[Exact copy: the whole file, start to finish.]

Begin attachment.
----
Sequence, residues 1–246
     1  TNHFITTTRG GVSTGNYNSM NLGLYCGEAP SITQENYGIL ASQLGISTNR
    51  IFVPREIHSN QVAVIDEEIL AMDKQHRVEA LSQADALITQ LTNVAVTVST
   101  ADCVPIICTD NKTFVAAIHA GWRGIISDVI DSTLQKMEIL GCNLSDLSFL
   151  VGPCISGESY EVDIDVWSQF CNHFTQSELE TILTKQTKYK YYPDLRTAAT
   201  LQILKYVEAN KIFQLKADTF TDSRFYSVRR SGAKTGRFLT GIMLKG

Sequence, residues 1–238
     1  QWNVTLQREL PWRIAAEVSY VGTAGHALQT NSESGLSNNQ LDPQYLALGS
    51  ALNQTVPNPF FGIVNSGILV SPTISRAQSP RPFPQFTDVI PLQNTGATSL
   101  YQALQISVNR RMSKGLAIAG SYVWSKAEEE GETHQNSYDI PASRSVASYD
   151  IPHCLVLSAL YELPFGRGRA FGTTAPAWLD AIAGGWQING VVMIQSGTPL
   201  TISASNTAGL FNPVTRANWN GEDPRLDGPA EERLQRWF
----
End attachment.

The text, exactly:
Sequence, residues 1–246
     1  TNHFITTTRG GVSTGNYNSM NLGLYCGEAP SITQENYGIL ASQLGISTNR
    51  IFVPREIHSN QVAVIDEEIL AMDKQHRVEA LSQADALITQ LTNVAVTVST
   101  ADCVPIICTD NKTFVAAIHA GWRGIISDVI DSTLQKMEIL GCNLSDLSFL
   151  VGPCISGESY EVDIDVWSQF CNHFTQSELE TILTKQTKYK YYPDLRTAAT
   201  LQILKYVEAN KIFQLKADTF TDSRFYSVRR SGAKTGRFLT GIMLKG

Sequence, residues 1–238
     1  QWNVTLQREL PWRIAAEVSY VGTAGHALQT NSESGLSNNQ LDPQYLALGS
    51  ALNQTVPNPF FGIVNSGILV SPTISRAQSP RPFPQFTDVI PLQNTGATSL
   101  YQALQISVNR RMSKGLAIAG SYVWSKAEEE GETHQNSYDI PASRSVASYD
   151  IPHCLVLSAL YELPFGRGRA FGTTAPAWLD AIAGGWQING VVMIQSGTPL
   201  TISASNTAGL FNPVTRANWN GEDPRLDGPA EERLQRWF